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June 14, 1992
We agree with The Times that opening 20 miles of new Orange Freeway car-pool lanes will help relieve north Orange County's strangulating traffic congestion ("Car-Pool Construction Picks Up Speed," editorial, June 7). Obviously, those 20% to 25% of the commuters now car-pooling will use the new lanes. But, more importantly, will restricting the new lanes to car-pool vehicles motivate any appreciable number of the remaining 75% to 80% to form new car-pools? Caltrans and the Federal Highway Administration say it won't.
June 20, 1989
The South Coast Air Quality Management District will consider July 12 whether to give the city of Los Angeles additional time to install a $1-million system to burn off gas generated by the Lopez Canyon landfill, where two workers were overcome by gas earlier this year. AQMD staff members recommended that if the city does get an extension, a warning should be issued that the city will be taken to court if the new deadline is not met. The city has been given one six-month extension--to July 1--to install the system at its dump above Lake View Terrace.
February 17, 1990
How ironic the juxtaposition of the news can be. On Feb. 9 the big story, nearly filling the first section of the paper, is the 394,000 gallons of oil spilled off the Orange County coast. A disaster that has all the politicians and conservation groups up in arms calling for new regulations. And then on Page 2 of Metro is a short little compilation put together by AQMD listing the 20 top releasers of hydrocarbons in the Air Quality Management District. The total annual release from just these few amounts to about 3.3 million gallons or the equivalent of one spill the size of the one off Huntington Beach every 33 days!
March 24, 1992
Mary Nichols and Tom Soto attack the smog emissions market proposed by the AQMD as costly and uneconomical ("Smog Trade-Offs: Devil Is in Details," Commentary, March 12). In truth , they are simply blinded by love for the current system of rigid air quality regulations. According to Nichols and Soto, market-based programs encourage fraud because they lack strict controls. The free market is too free. The development of an emissions market to replace the current system will allow the very flexibility needed to achieve our emission-reduction goals.
June 12, 1986 | LARRY B. STAMMER, Times Staff Writer
An influential state senator is mounting a drive that lawmakers and environmentalists said Wednesday may lead to the ouster of one of the most outspoken clean air advocates on the South Coast Air Quality Management District board. Sen. Ruben S. Ayala (D-Chino) said he wants to remove Sabrina Schiller as the Senate Rules Committee's appointee on the AQMD because she angered local politicians by going into their communities and criticizing their voting records on air pollution issues.
June 2, 1989 | From United Press International
A Superior Court judge Thursday rejected a request for a comprehensive environmental impact report on a proposed toxic waste incinerator in Vernon but ruled the plant must be equipped with up-to-date pollution controls before beginning operations. Judge Kurt Lewin's order would add at least $6 million to the incinerator's $29-million price tag and result in a delay of at least 20 months in beginning operations, said Alfred Grossman, chairman of Security Environmental Systems of Garden Grove, the parent company of the plant's builder, California Thermal Treatment Services.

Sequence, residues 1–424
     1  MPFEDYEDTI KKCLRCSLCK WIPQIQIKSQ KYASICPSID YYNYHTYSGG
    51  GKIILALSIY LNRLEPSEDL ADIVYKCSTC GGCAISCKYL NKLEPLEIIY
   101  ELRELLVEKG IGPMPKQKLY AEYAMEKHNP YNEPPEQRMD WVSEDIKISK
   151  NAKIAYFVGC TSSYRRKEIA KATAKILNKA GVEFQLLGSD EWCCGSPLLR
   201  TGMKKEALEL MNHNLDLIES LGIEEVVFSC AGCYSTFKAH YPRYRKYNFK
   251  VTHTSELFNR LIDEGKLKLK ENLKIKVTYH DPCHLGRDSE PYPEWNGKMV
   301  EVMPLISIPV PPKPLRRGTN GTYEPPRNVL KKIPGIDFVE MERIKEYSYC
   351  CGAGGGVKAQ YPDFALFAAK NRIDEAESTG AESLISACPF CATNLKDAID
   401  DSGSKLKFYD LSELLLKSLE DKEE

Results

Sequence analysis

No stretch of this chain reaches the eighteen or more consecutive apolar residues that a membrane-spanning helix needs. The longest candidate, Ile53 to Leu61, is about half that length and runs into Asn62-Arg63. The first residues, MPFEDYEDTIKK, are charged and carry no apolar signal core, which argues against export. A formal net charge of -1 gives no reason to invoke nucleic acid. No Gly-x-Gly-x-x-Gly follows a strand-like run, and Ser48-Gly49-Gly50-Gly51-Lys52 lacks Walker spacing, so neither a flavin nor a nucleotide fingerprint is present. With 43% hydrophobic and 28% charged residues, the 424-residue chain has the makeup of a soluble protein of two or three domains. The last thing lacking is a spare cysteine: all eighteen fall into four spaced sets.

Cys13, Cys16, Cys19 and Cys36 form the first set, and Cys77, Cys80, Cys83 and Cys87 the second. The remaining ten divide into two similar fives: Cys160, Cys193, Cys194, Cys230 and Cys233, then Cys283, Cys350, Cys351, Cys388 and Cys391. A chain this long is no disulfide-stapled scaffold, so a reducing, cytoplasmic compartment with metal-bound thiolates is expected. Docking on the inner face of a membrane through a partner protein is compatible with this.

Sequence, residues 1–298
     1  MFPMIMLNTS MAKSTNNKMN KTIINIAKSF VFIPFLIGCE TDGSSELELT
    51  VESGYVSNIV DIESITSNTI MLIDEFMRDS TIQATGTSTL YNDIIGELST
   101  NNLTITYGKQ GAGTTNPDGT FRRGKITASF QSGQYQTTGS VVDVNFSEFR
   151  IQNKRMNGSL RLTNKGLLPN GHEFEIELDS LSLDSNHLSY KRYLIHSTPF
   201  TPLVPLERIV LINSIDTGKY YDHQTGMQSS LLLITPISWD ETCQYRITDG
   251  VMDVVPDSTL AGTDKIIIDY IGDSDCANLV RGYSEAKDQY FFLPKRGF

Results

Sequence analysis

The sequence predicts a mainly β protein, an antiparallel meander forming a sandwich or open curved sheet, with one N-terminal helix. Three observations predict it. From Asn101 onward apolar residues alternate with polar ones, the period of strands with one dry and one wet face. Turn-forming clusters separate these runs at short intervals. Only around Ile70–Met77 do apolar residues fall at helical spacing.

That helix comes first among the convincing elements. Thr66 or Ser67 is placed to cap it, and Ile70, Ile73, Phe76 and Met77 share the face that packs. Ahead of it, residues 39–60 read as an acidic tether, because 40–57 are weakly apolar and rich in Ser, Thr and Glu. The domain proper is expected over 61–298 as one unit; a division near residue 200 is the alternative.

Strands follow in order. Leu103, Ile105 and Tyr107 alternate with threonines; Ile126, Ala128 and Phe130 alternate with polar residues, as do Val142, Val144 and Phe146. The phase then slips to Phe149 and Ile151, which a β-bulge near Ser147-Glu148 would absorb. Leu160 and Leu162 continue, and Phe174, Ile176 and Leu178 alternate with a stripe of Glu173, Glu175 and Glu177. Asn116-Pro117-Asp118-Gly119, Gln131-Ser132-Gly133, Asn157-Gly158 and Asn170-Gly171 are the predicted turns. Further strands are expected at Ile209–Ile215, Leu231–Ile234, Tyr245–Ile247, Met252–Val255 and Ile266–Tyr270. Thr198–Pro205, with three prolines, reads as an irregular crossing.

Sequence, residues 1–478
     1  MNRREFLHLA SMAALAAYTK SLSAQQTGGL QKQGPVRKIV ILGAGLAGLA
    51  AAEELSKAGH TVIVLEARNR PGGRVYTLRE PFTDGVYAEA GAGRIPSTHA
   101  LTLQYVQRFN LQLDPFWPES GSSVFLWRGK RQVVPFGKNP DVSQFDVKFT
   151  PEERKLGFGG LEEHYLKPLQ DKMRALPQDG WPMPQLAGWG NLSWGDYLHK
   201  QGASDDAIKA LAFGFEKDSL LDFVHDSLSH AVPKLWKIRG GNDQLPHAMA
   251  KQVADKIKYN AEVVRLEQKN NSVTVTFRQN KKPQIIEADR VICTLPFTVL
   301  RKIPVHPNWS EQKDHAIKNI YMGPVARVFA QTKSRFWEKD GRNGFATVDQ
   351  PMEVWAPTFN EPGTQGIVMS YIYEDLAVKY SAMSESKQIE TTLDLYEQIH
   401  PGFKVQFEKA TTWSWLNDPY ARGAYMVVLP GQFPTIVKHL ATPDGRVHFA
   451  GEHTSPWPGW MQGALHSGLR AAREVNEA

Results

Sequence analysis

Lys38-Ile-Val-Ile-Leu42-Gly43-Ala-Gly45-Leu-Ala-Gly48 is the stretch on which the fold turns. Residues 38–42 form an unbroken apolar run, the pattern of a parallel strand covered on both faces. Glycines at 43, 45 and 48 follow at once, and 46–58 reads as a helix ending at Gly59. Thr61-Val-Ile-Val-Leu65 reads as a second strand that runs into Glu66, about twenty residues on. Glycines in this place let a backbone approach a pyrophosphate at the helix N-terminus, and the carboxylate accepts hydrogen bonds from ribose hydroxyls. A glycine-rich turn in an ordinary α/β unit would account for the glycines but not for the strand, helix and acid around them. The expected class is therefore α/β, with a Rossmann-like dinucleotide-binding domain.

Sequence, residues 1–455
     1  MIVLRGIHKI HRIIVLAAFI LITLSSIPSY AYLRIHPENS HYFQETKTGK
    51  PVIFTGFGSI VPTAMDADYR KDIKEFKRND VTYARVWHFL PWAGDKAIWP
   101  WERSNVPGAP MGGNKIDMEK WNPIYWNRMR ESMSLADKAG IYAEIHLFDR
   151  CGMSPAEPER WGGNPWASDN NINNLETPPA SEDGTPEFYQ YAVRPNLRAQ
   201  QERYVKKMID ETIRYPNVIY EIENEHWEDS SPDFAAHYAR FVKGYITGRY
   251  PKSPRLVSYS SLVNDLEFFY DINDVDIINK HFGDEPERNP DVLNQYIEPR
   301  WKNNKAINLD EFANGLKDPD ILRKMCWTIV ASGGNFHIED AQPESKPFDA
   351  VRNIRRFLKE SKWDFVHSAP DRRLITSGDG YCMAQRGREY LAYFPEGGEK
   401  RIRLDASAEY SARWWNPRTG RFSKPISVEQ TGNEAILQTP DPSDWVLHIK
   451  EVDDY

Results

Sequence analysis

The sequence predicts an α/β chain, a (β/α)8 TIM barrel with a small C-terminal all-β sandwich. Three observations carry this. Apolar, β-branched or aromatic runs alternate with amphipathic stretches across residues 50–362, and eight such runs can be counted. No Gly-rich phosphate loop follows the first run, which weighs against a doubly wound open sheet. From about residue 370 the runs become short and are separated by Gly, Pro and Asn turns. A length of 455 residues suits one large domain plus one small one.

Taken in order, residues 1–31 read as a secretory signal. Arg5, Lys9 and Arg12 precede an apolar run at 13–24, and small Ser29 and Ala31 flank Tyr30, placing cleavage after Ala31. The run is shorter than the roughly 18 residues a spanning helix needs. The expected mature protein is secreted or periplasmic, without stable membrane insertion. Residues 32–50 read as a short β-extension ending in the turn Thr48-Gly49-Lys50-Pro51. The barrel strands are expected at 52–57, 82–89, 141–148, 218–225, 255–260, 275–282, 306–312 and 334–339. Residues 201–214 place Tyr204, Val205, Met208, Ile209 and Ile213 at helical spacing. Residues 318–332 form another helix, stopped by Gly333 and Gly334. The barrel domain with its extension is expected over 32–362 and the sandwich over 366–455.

November 22, 2013 | By Emily Foxhall
Newport Beach residents may soon be one step closer to roasting marshmallows beach-side over natural gas-burning fire rings. City staff plans to recommend Tuesday that council members approve city participation in a pilot project with the South Coast Air Quality Management District to install natural gas fire rings in certain beach areasĀ  while removing some of the existing wood-fueled fire rings, the Daily Pilot reported. There are 33 fire rings in the sand near the Balboa Pier and 27 at Corona del Mar State Beach.
March 23, 1992 | JUDY PASTERNAK, Times Staff Writer
The South Coast Air Quality Management District staff will spend the next year designing a "smog exchange"--a trading market in pollution rights among industries in Los Angeles, Orange, Riverside and San Bernardino counties. There may be at least three separate markets: one each in sulfur oxides, hydrocarbons and nitrogen oxides. Another vote of the AQMD board will be necessary before trading can open. The California Air Resources Board and the U.S.
April 18, 1988
The president of the Los Angeles Area Chamber of Commerce rebuked The Times for its editorial, "Stalling on Smog" (letters, April 7). The rebuttal spoke of substituting bridges for walls. Actually, what the chamber is substituting is that well-known industry smoke screen calculated to obscure and confuse. Industry's well-financed lobby, fueled by the petroleum and utility giants, tries to portray its clients in a favorable light. However, does it not also have a moral responsibility to our local citizenry, even if these citizens do not pay dues?
December 4, 1987 | LARRY B. STAMMER and JEFFREY PERLMAN, Times Staff Writers
The cities of Los Angeles County failed Thursday night to appoint a representative to the reorganized South Coast Air Quality Management District board after a deadlock between four candidates. After only one ballot, officials from 57 of the county's 84 cities who attended the election voted to delay any further attempt to name a board member until Jan. 7--just one day before the new AQMD board is seated.
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